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Sex Segregation in Voluntary Associations

J. Miller McPherson and Lynn Smith-Lovin
American Sociological Review
Vol. 51, No. 1 (Feb., 1986), pp. 61-79
Stable URL: http://www.jstor.org/stable/2095478
Page Count: 19
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Sex Segregation in Voluntary Associations
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Abstract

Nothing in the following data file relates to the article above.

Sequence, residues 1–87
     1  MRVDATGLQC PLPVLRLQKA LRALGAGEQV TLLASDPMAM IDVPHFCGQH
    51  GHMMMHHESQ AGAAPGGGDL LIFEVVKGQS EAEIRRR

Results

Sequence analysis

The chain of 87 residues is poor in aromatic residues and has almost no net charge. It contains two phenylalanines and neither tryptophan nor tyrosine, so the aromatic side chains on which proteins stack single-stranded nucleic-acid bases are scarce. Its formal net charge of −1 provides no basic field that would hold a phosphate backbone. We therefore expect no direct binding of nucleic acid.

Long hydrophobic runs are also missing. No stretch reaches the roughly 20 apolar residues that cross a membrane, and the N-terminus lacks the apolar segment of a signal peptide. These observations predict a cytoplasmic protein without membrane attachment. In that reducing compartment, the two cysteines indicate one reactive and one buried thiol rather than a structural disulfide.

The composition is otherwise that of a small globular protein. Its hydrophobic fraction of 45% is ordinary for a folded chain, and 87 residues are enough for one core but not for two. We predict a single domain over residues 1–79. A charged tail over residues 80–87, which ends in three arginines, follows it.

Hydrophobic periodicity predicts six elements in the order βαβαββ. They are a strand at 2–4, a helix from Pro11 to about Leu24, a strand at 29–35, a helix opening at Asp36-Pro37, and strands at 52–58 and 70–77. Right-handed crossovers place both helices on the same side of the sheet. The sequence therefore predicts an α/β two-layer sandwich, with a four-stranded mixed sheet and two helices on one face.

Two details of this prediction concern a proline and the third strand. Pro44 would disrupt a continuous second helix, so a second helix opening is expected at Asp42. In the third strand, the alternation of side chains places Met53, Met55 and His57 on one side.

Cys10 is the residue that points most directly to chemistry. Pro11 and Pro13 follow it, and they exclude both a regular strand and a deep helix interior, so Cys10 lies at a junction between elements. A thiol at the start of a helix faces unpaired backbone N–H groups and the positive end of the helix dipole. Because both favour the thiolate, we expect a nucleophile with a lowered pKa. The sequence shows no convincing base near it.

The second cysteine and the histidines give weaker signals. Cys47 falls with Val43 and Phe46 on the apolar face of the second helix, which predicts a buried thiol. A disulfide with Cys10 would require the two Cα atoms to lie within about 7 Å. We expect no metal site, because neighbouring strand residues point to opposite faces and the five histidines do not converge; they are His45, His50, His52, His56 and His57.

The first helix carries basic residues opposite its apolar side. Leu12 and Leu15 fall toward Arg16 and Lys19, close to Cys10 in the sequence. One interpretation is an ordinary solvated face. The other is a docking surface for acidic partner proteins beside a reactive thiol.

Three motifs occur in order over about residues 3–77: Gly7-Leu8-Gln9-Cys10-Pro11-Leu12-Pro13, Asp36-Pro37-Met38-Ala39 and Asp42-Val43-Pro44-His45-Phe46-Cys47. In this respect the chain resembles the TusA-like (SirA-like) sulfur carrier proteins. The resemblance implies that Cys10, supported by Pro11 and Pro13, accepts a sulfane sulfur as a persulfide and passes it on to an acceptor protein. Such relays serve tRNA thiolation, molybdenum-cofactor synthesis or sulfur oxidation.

We analyze the sex composition of 815 face-to-face voluntary organizations in 10 communities to determine the extent of sex integration produced by voluntary affiliation. The sex segregation in these groups is substantial; nearly one-half of the organizations are exclusively female, while one-fifth are all male. Instrumental organizations (business-related and political groups) are more likely to be sex heterogeneous, while expressive groups are likely to be exclusively male or female. From the point of view of the individual, the typical female membership generates face-to-face contact with about 29 other members, less than four of whom are men. Male memberships, on the other hand, produce contact with over 37 other members on the average, nearly eight of whom are female. Men's contacts are both more numerous and more heterogeneous. We conclude that there is little support for the sex integration hypothesis in these data, although the sex heterogeneity of instrumental groups (especially those which are job-related) indicates that this pattern may change as women move into the labor force in increasing numbers. The paper explores some consequences of segregation for the organizations and the social networks they generate.

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